Extreme anger is a type of mental health issue that involves episodes of rage and uncontrolled emotional outbursts. A characteristic of this anger issue is that it can become severe enough to interfere with day-to-day life and with personal relationships. Causes of anger are common throughout various normal daily activities, but people with an extreme anger problem tend to let this emotion overwhelm them. This issue can even lead to additional behavioral problems that have legal consequences, including domestic violence and other kinds of physical assaults. Dealing with extreme anger often entails completing psychological counseling focused on anger management techniques.
The effects and consequences of extreme anger are usually immediate and noticeable. Frequent angry and abusive outbursts can alienate family members, significant others, and friends. This usually creates long-lasting feelings of resentment and intimidation. Violent behavior tied to anger problems often leads to arrests, time spent in jail, and losses of both jobs and professional reputations. While some therapists believe that venting or expressing anger is healthy, this tactic can sometimes backfire in some people with extreme anger, and it usually gets them into deeper habits of becoming angry quickly.
Psychologists often report that the causes of extreme anger can vary from one person to the next. A common misconception is that quick tempers and aggressive behavior are hereditary, but both of these are learned behaviors that children usually mimic from their parents. Some people with anger-related difficulties may be suffering from chemical imbalances in the brain, so these individuals are usually screened by a physician to rule out anger causes that are purely psychological. Overcoming an unhealthy anger problem with a psychological cause is generally not a quick or easy process. It normally takes concentrated efforts to alter specific ways of thinking and of perceiving the world at large.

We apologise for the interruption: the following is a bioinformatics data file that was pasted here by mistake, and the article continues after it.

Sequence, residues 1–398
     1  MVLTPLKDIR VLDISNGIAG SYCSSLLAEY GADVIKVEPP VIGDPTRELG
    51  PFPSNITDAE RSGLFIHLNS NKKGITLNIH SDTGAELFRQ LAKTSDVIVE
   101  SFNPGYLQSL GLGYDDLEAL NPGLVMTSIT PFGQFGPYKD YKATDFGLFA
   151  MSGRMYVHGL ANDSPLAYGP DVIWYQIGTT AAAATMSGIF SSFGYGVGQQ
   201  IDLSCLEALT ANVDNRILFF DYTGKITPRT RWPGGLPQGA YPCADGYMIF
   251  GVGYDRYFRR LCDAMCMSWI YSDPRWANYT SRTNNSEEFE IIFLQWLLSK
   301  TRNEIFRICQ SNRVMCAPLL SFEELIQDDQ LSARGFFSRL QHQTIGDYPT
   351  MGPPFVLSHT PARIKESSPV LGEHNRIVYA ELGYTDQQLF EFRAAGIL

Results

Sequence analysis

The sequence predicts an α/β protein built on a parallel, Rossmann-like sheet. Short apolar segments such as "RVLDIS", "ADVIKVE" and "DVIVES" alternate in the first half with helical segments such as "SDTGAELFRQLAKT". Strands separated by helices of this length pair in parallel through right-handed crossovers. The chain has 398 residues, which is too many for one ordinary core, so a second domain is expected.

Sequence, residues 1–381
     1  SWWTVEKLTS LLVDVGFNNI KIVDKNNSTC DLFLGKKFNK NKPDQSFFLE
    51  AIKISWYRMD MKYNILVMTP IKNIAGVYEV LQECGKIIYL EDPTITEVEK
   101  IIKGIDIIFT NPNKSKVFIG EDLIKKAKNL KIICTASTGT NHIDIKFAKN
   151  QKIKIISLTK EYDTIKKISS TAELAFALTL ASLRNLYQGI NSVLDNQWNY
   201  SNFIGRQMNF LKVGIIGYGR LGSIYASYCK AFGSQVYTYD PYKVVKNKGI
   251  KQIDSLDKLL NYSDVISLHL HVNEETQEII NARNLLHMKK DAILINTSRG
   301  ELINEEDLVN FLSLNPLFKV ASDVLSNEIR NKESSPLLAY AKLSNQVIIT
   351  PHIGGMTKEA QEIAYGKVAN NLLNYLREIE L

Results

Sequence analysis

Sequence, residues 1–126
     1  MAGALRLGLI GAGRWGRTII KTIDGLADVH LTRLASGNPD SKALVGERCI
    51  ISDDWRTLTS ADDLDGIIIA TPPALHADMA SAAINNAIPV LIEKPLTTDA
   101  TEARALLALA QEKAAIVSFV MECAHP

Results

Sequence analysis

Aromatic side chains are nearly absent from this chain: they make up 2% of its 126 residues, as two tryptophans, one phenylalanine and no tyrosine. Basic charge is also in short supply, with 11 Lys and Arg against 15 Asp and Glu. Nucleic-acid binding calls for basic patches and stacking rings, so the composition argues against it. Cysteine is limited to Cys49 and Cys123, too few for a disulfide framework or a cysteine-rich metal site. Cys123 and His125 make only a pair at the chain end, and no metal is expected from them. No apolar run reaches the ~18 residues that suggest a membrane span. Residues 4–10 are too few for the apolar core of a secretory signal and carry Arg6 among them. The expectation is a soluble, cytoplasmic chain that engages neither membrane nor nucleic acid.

Therapies for extreme anger often entail group meetings with others who suffer from the same problems with controlling and managing their anger. Ways of treating explosive anger can also include various meditation or self hypnosis techniques. Some individuals with violent tendencies accompanying their anger see improvements from taking prescribed medications normally used to treat depression or anxiety. Psychologists and doctors usually do not view these medications as cure-all's. Many medical professionals stress that combinations of medications and behavioral modification therapies are the most effective at treating cases of extreme anger in many people.